The discs present the content with animated menus.
Disc 1 autoplays with a trailer for Funimation Now, and has an audio commentary on episode 2, featuring ADR Director Jad Saxton, Brina Palencia (Sakura), Ricco Fajardo (Kotaro), and Caitlin Glass (Saki).
Disc 2 has the textless credits.
There are countless idol anime shows out there, Love Live and Bang Dream to name just two, and while I might have initially been lukewarm on the idea, the concept has grown on me to the point that I’m importing shows that haven’t had a UK release. With Zombie Land Saga, I may just have a new favourite idol franchise, assuming they ever make more. The idea of mixing these two genres, zombies and idols is a genius move, injecting a dose of anarchic absurdity into what is on the surface a pretty safe and formulaic concept.
Sakura Minamoto is killed in a traffic accident, and is then resurrected ten years later to be part of a girl idol group, also made of zombies, put together to enhance the reputation of Saga, a backwater prefecture in Japan. There are no idols worth their salt there to do the job, so Kotaro Tatsumi, a promoter with a lunatic personality decides to create a group by raising dead celebrities from throughout history, and putting them together in the group called Franchouchou, and setting them on the climb to stardom. Their zombie natures are concealed behind make-up when in performing to stop the general public from finding out, and they go by numbers instead of their original names.
There is an interesting conceit here, that the zombies when first raised, are like the traditional lumbering, brain-eating monsters of the movies, before their personalities are reawakened. Sakura is the first to wake up, to a room full of six other scary zombies, and she quite understandably freaks. It isn’t long before the others, Lily, Saki, Ai, Junko, and Yugiri also awaken. But one of the girls, Tae never does, and she remains the stereotypical brain eating zombie throughout. The challenge, and a source of comedy is getting her to be part of the group regardless.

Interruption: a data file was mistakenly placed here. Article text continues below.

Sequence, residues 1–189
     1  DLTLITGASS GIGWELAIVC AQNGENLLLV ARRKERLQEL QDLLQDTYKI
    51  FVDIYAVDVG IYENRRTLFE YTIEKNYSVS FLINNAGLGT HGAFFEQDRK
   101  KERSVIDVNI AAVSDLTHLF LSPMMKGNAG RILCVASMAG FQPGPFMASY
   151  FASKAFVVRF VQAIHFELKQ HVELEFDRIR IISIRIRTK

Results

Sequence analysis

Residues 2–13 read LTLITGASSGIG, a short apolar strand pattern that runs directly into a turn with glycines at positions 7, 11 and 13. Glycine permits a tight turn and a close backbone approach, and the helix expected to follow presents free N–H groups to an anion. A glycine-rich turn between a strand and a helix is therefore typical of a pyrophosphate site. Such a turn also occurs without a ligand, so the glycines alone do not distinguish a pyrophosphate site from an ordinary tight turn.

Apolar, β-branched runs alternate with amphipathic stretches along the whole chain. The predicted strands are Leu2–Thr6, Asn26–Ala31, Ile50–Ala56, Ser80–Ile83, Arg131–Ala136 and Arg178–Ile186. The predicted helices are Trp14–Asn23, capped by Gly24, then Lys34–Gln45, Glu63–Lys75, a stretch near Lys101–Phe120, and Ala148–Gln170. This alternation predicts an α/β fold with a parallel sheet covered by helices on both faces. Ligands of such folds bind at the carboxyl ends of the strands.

The girls were all idols or similar when they were alive, albeit at different times in history, and part of the show’s narrative, and drivers for the individual episodes is that they have to reconcile their past when they were alive with who they are now. There is also something of an over arching narrative mystery for the show, as of all the girls, it seems that Sakura is the one resurrectee who hasn’t had a famous or infamous life. She’s also the only one (aside from Tae) who doesn’t get her memories back. It also seems that of all the girls, Kotaro picks on her and torments her most during their training sessions, and his harebrained pep talks. This leads to the finale of the series, where the truth about Sakura is revealed, and it’s her turn to reconcile with her past life.
Like so many shows, Zombie Land Saga ends on an open note, hoping for a second season (I believe a second is in production), but in this case it does enough in these twelve episodes to satisfy and leave you feeling entertained. I really loved this macabre, dark comedic take on the pop idol music genre, and found these episodes to be a delicious diversion for its run time. If the show has a weakness, it’s that Kotaro’s over the top enthusiasm can slip over the edge from comedic to grating annoyance, but he’s really the crazy edge to the show that justifies its premise. You can’t have a group of zombie girls singing and dancing on stage without a mad scientist Svengali behind the scenes. Zombie Land Saga is well worth checking out.